Iceland's special prosecutor has taken Larus Welding, the former head of the failed Glitnir Bank, into custody, Reuters reports.
Glitnir Bank was the first of the top three Icelandic commercial banks to fail in 2008.
Former director of market trade Jóhannes Baldursson and former broker Ingi Rafn Júlíusson were also taken into custody and between ten and twenty other former employees of Glitnir Bank were also investigated.
They are expected to be held for a week, apparently to prevent tampering with evidence or witness coercion.
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REYKJAVIK | Wed Nov 30, 2011 5:07pm EST
(Reuters) - Iceland's special prosecutor arrested the former chief executive of Glitnir Bank on Wednesday and questioned nearly two dozen people related to the collapse of the bank in 2008.
Glitnir Bank was the first of Iceland's top three commercial banks to collapse three years ago, imploding under the weight of huge debts racked up during years of aggressive expansion.
Special prosecutor Olafur Hauksson said his office had made several arrests on Wednesday -- the first for activities related to Glitnir. He told local media that former CEO Larus Welding would be held in custody for up to one week.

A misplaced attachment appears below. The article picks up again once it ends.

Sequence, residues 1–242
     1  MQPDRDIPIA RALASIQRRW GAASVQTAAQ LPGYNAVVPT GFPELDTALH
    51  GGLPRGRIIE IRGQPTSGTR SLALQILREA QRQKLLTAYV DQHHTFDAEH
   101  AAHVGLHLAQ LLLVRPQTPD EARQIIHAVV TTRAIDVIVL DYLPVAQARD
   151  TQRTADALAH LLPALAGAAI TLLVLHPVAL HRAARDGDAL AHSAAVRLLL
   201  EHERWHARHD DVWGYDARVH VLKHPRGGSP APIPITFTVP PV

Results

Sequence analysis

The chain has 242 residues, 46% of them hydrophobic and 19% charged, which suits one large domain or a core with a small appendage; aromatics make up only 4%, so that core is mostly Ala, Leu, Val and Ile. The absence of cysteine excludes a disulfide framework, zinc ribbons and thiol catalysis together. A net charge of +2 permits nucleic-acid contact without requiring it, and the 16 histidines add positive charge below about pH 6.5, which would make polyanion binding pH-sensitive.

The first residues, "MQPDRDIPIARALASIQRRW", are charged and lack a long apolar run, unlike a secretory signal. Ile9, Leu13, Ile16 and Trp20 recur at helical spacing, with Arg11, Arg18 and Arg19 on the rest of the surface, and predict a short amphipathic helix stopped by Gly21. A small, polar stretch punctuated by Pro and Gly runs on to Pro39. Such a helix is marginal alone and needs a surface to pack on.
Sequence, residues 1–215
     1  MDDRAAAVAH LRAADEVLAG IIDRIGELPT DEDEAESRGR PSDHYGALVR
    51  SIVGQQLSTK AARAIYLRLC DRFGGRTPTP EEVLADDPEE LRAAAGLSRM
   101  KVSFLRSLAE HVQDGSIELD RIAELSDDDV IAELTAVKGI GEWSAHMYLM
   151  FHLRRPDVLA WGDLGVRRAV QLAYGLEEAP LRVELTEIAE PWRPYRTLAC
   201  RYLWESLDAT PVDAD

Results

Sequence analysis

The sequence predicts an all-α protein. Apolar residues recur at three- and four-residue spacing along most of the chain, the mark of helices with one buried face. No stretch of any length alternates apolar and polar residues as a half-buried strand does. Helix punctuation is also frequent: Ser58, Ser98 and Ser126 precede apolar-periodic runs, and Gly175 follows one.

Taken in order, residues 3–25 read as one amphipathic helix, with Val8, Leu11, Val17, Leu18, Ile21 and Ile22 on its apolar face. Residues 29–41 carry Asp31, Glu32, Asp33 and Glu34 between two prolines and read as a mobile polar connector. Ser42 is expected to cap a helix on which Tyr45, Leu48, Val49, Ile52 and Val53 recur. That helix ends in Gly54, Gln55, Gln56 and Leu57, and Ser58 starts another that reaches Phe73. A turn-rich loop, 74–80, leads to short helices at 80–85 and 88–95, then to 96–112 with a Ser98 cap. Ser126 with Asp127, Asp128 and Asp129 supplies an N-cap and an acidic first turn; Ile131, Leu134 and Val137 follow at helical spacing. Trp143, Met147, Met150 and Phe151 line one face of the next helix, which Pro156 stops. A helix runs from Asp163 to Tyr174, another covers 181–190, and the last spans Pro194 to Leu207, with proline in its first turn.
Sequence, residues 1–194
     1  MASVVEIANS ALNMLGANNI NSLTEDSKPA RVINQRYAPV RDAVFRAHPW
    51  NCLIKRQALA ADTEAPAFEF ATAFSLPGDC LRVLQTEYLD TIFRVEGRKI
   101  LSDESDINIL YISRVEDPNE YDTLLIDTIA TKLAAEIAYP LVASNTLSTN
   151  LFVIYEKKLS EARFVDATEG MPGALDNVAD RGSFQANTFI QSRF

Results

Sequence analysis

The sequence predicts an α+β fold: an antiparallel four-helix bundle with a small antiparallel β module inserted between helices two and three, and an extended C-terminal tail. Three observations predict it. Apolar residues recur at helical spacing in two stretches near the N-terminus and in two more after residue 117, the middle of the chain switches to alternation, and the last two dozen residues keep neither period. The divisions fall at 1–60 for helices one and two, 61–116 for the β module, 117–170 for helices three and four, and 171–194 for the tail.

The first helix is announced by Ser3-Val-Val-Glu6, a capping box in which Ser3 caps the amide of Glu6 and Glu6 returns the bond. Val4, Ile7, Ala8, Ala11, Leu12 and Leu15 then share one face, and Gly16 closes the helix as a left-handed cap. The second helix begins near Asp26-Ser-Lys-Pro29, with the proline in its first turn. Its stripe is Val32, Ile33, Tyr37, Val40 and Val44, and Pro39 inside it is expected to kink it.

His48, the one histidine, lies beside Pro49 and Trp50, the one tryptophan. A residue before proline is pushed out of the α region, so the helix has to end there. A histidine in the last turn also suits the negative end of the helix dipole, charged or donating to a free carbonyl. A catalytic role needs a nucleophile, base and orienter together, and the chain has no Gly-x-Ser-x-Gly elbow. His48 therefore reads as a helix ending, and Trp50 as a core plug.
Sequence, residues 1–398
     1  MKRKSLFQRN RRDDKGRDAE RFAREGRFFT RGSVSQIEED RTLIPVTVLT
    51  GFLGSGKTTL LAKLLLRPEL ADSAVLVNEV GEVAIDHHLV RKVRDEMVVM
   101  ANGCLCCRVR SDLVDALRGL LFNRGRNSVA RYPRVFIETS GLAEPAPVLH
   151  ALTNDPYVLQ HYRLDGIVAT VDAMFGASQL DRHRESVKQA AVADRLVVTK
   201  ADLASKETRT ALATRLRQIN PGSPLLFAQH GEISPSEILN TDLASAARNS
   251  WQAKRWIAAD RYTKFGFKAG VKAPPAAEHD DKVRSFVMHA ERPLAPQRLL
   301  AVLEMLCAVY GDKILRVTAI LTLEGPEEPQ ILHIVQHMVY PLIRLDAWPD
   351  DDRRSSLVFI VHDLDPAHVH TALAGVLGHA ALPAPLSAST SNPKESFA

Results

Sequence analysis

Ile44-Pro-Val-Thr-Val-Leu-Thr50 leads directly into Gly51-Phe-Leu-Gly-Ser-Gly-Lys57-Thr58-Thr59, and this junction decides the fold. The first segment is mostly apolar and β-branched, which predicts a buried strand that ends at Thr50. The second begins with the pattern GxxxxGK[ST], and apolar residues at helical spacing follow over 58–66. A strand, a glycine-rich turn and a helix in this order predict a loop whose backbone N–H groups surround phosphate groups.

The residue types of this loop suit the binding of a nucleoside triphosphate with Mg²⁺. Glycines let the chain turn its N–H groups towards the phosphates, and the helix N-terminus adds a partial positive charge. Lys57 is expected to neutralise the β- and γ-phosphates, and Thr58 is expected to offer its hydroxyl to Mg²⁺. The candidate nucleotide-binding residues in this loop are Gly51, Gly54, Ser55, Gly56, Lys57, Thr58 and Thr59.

'Welding is being held in the interest of the investigation in order to prevent him for influencing other suspects or removing evidence that we're after,' he was quoted as saying by Morgunbladid.
Hauksson said he had initiated nine new investigations, made several arrests and questioned nearly two dozen people related to the fall of Glitnir.
Inquiries are being made into the purchase of Glitnir's shares, as well as into loans provided to a number of firms to purchase Glitnir shares. It also investigated a 15 billion Icelandic crown ($126 million) guarantee provided by Glitnir in connection with a share offering in FL Group.
The prosecutor has also been conducting investigations at Kaupthing and Landsbanki. Kaupthing, Landsbanki and Glitnir all collapsed in the space of a week during the 2008 crisis.
(Reporting by Omar Valdimarsson)
Glitnir was an international Icelandic bank. It was created by the state-directed merger of the country's three privately held banks - Alþýðubanki (Union Bank), Verzlunarbanki (Bank of Commerce) and Iðnaðarbanki (Industrial Bank) - and one failing publicly held bank - Útvegsbanki (Fisheries Bank) - to form Íslandsbanki in 1990. At the time, Íslandsbanki was the only major privately held commercial bank in Iceland. It was publicly listed on the Iceland Stock Exchange, in 1993. Íslandsbanki subsequently merged with FBA Icelandic Investment Bank in 2000.
On 20 February 2009, in light of the Icelandic financial crisis, the bank’s name was changed back to the original Íslandsbanki.
By 15 October 2009, it was decided that 95% of the new Íslandsbanki would be taken over by the creditors of Old Glitnir, while the government of Iceland would retain ownership of the remaining 5%.
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